Impact of time of presentation on the care and outcomes of acute myocardial infarction
Jneid, H., Fonarow, GC., Cannon, C., Palacios, IF., Kilic, T., Moukarbel, GV., Maree, AO., LaBresh, K., Liang, L., Newby, K., Fletcher, G., Wexler, L., & Peterson, E. (2008). Impact of time of presentation on the care and outcomes of acute myocardial infarction. Circulation, 117(19), 2502-2509.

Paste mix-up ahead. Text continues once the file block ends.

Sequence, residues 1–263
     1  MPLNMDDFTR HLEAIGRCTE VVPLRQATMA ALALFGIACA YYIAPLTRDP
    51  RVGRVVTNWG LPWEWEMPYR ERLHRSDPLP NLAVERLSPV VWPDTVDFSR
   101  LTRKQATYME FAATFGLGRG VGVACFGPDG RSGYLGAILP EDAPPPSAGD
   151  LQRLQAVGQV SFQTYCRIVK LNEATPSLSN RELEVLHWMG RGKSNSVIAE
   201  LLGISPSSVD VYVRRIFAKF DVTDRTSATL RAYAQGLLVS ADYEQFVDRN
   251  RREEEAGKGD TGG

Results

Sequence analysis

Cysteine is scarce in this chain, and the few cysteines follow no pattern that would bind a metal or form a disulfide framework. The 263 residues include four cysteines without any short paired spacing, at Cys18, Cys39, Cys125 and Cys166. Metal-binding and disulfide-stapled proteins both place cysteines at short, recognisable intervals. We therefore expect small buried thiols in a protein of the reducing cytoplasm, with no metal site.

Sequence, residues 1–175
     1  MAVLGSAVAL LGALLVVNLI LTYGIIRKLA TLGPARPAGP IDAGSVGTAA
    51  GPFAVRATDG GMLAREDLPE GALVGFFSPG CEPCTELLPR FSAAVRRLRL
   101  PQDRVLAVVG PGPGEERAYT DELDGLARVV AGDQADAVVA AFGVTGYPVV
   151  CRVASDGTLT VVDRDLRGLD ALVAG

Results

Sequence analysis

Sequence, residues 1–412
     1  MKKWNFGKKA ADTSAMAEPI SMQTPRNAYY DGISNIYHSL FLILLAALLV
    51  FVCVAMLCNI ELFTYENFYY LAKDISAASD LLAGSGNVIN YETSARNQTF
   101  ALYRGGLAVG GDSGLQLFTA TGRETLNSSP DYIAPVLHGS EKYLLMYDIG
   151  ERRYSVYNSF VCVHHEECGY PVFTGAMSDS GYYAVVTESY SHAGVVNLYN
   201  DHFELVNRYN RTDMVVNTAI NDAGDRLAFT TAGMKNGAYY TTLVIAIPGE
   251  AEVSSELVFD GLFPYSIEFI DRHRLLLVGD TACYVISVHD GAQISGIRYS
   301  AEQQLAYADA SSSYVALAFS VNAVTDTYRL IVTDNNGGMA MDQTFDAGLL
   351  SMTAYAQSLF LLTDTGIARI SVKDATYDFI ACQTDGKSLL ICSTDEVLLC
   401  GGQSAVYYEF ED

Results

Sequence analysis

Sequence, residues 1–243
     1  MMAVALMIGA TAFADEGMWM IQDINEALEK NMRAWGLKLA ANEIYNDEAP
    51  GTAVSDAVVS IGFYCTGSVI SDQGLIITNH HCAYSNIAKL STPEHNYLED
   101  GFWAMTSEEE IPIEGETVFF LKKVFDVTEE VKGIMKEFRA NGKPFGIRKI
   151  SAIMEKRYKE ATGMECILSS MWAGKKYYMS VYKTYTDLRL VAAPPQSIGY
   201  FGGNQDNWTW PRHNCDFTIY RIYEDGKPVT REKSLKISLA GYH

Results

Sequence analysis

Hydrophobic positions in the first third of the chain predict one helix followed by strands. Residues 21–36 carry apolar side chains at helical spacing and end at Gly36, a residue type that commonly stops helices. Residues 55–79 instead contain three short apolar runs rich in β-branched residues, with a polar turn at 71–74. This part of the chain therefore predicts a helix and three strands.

BACKGROUND: Prior studies have demonstrated an inconsistent association between patients' arrival time for acute myocardial infarction (AMI) and their subsequent medical care and outcomes. METHODS AND RESULTS: Using a contemporary national clinical registry, we examined differences in medical care and in-hospital mortality among AMI patients admitted during regular hours (weekdays 7 am to 7 pm) versus off-hours (weekends, holidays, and 7 pm to 7 am weeknights). The study cohort included 62,814 AMI patients from the Get With the Guidelines-Coronary Artery Disease database admitted to 379 hospitals throughout the United States from July 2000 through September 2005. Overall, 33 982 (54.1%) patients arrived during off-hours. Compared with those arriving during regular hours, eligible off-hour patients were slightly less likely to receive primary percutaneous coronary intervention (adjusted odds ratio [OR], 0.93; 95% confidence interval [CI], 0.89 to 0.98), had longer door-to-balloon times (median, 110 versus 85 minutes; P<0.0001), and were less likely to achieve door-to-balloon < or = 90 minutes (adjusted OR, 0.34; 95% CI, 0.29 to 0.39). Arrival during off-hours was associated with slightly lower overall revascularization rates (adjusted OR, 0.94; 95% CI, 0.90 to 0.97). No measurable differences, however, were found in in-hospital mortality between regular hours and off-hours in the overall AMI, ST-elevated MI, and non-ST-elevated MI cohorts (adjusted OR, 0.99; 95% CI, 0.93 to 1.06; adjusted OR, 1.05; 95% CI, 0.94 to 1.18; and adjusted OR, 0.97; 95% CI, 0.90 to 1.04, respectively). Similar observations were made across most age and sex subgroups and with an alternative definition for arrival time (weekends/holidays versus weekdays). CONCLUSIONS: Despite slightly fewer primary percutaneous coronary interventions and overall revascularizations and significantly longer door-to-balloon times, patients presenting with AMI during off-hours had in-hospital mortality similar to those presenting during regular hours